Subject: Militias seal border at Oekussi to protest arrest

Militias seal border at Oekussi to protest arrest

DILI, East Timor, Nov 13 (AFP) - Pro-Indonesia militias are blocking refugees from entering the East Timor enclave of Oekussi to protest an arrest by multinational troops, UN officials said Saturday.

United Nations workers said the militias, angry at the arrest of the brother of a militia commander two days ago, sealed a key border crossing into Oekussi on Friday.

At least 1,000 East Timorese were stranded at the the Bobometo border crossing under "very poor conditions" Friday night, Ariana Quentier of the United Nations High Commissioner for Refugees told AFP.

Poor communications from the East Timor enclave, surrounded by Indonesian West Timor, meant that she had not received an update on the situation by Saturday afternoon.

Quentier said militias closed the border after peacekeepers in East Timor arrested the commander's brother.

"That having happened, the militias said, 'OK, no one can get through'," she said.

Another UN official said: "They have claimed 'if you don't handover my brother, we're not going to allow any more refugee movement across the border'" at Oekussi.

"So these guys mean business," the official said.

A spokesman for the International Force for East Timor confirmed a man was arrested two days ago, but he said he understood the man would be released later Saturday because there was insufficent evidence to lay charges.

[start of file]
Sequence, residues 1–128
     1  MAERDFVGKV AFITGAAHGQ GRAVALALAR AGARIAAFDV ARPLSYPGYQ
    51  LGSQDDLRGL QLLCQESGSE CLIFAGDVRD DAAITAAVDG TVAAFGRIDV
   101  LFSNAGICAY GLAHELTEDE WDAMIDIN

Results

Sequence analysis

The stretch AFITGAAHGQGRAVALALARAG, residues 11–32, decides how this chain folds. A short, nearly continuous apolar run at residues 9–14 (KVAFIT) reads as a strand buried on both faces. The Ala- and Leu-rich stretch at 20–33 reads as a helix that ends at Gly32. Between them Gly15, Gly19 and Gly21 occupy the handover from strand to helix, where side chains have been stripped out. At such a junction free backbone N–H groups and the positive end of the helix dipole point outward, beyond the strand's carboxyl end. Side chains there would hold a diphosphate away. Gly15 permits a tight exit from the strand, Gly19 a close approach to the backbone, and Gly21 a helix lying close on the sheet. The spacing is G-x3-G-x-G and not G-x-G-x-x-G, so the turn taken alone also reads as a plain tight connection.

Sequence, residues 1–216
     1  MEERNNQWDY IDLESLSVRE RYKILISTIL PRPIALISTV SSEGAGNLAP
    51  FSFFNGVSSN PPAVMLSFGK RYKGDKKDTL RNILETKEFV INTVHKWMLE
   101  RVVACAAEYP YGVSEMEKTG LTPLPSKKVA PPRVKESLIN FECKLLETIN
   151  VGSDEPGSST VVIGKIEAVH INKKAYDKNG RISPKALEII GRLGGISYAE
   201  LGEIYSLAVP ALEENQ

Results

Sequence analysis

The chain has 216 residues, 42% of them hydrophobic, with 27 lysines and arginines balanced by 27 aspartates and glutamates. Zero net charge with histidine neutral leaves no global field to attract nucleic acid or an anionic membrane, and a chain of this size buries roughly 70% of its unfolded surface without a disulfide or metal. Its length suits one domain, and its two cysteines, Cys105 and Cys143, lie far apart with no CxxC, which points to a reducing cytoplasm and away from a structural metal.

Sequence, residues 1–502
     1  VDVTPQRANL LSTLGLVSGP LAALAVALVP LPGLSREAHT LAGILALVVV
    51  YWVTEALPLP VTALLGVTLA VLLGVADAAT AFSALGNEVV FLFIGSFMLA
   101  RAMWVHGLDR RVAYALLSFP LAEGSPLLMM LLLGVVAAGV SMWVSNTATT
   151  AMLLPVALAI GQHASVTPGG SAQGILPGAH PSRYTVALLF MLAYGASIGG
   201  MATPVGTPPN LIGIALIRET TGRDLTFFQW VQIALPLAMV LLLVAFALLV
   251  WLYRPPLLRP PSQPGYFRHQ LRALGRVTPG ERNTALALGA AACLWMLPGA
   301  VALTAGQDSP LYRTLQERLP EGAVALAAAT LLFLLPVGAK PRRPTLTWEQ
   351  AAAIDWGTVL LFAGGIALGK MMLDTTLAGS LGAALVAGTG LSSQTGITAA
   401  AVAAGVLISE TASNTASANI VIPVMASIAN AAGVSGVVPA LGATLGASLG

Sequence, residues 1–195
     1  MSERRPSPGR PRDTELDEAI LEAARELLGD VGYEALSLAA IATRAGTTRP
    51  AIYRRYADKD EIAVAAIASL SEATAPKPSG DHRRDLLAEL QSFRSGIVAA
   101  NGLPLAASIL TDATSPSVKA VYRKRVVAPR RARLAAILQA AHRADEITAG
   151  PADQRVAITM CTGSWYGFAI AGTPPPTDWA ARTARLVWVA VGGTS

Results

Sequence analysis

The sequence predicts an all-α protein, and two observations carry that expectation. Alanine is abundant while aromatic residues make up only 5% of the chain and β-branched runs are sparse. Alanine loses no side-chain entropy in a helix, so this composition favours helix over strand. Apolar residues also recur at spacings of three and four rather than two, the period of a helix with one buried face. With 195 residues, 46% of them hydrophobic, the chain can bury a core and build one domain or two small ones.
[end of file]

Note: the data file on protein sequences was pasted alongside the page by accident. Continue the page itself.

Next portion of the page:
The spokesman said he had no details about the arrest.

"I understand he is the brother of a militia," the spokesman said.

Quentier said militias closed the border after about 2,500 East Timorese refugees had gathered there to cross into the enclave from the Indonesian West.

"We still managed to get 1,500 people through," she said.

On Wednesaday, another 942 refugees were trucked to the border and crossed into East Timor after negotiations between aid agencies and the Indonesian military, she said.

Bobometo was the only Oekussi crossing, staffed by international aid workers, where refugees could enter the East Timor enclave.

Despite the problems, refugees have still been able to cross into East Timor proper every day at Batugade.

Quentier said more than 10,000 of the original 52,000 inhabitants of Oekussi have returned and about 28,000 more are expected.

An additional 25,000 residents of East Timor proper may want to enter East Timor through the enclave but it cannot support such a large number of returnees, she said.

Refugees alleged Indonesian army-backed militia forced them out of East Timor during an outbreak of murder, arson and looting after the September 4 announcement that East Timorese had voted overwhelmingly for independence from Indonesia.

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